Accessible quality education is any community?s strongest asset, and we must work to strengthen education opportunities for students. Education funding in particular has been hit hard in the state budget cuts and school districts are struggling to make ends meet. It is vital that funds are spent in the classroom on resources for students and that even more devastating cuts in education are avoided.

Questions & Answers

How would you fix the state's pension gap? Should pension costs be shifted to suburban school districts? Why or why not? Should this issue be voted on in a lame-duck session? Why or why not? How can partisan gridlock be eased to solve the crisis?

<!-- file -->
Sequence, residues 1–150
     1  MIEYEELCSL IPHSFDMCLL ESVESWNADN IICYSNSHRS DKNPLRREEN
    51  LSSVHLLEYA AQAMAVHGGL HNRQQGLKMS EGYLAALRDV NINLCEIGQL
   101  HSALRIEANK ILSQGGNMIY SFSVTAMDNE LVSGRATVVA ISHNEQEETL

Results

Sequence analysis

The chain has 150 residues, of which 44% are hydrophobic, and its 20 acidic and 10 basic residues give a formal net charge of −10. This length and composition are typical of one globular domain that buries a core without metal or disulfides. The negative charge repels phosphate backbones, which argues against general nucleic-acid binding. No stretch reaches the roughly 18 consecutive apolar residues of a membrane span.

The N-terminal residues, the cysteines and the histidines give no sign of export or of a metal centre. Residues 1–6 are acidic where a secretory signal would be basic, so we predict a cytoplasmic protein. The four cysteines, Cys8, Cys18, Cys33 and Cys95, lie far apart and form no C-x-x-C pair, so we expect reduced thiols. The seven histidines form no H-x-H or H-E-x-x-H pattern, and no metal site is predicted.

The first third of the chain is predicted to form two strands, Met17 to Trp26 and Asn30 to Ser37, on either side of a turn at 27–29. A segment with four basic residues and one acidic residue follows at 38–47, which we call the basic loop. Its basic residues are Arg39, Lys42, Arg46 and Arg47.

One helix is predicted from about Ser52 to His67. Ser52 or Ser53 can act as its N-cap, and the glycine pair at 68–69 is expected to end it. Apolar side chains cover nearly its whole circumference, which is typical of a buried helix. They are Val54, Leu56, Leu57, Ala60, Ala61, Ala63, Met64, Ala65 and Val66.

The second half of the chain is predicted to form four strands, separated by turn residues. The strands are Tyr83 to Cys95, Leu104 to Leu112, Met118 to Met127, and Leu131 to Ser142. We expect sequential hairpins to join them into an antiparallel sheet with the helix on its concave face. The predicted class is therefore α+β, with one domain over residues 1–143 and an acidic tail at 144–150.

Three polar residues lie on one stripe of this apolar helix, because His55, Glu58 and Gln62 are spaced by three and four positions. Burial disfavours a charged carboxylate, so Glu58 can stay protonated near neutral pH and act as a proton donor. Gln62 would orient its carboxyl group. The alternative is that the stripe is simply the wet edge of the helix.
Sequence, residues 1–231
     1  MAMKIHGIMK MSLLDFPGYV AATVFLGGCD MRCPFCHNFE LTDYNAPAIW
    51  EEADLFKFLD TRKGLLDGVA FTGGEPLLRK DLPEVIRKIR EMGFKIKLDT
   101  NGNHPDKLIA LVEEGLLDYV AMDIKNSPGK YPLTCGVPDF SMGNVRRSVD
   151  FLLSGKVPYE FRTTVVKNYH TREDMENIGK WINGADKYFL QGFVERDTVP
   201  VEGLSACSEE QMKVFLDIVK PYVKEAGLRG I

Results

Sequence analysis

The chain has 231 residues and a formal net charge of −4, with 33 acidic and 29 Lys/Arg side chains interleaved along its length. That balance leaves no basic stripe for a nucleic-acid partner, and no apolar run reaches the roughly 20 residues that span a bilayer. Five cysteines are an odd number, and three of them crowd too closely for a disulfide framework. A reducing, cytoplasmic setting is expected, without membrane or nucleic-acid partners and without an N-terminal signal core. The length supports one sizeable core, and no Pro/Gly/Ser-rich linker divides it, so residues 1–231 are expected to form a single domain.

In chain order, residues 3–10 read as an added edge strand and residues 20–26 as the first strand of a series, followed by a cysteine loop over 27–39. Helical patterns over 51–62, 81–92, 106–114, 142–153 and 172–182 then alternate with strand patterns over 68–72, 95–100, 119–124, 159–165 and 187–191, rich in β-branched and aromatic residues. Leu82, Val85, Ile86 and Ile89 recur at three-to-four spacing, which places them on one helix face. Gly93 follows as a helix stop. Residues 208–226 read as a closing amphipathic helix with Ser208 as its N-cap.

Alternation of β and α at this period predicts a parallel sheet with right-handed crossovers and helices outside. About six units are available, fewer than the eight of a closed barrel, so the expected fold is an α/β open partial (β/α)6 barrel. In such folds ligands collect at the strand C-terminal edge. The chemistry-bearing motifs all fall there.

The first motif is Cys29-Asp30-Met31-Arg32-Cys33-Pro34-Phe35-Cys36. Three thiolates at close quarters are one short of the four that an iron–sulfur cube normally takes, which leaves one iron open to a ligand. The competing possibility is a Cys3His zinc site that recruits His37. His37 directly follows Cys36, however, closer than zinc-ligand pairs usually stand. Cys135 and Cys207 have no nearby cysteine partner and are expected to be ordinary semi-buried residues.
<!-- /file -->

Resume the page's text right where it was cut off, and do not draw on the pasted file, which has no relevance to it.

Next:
I don?t believe anyone would disagree that we need to fix the state?s pension problems if we are ever to put Illinois back on the right track. Everyone with an interest in the state?s pension problem needs to have a seat at the table and they need to be ready to work until an agreeable solution is found. In the end, everyone will need to give a little to make sure the pension funds are solvent and that Illinois can provide retirement benefits to those employees that have paid into the system. That means each group will win on some of the issues and concede on other issues. We must avoid the practices of the past that led the current pension crisis. For years, our elected officials in Springfield failed to make the required pension payments. They thought it was better policy to spend that money elsewhere while allowing millions of dollars in pension obligations to pile up, becoming the responsibility of future generations. This shortsighted mindset has to end. I do not believe that pension costs should be shifted to the school districts. Property owners are already facing rising property tax bills even though their home values are declining. I don?t believe home owners can shoulder the additional burden that a shift would put on their tax bills. In November, voters are electing the representatives they want to govern Illinois for the next two years. I would hope that the lame duck session respects the voters? decisions on Election Day and the new General Assembly would be able to work on these problems. I don?t believe elected officials who are leaving office should tackle such important issues when they no longer have to consider what their districts want and be held accountable by residents. The voters can play a vital role in ending the partisan gridlock when they go to the polls in November. Voters need to choose candidates who will look beyond partisan politics and are willing to sit down in the same room with members of the opposite party to solve the problems facing Illinois. Our elected officials need to be more concerned with problem solving than sound bites. Once the voters send that message, you will see an easing of the political gridlock that plagues Springfield.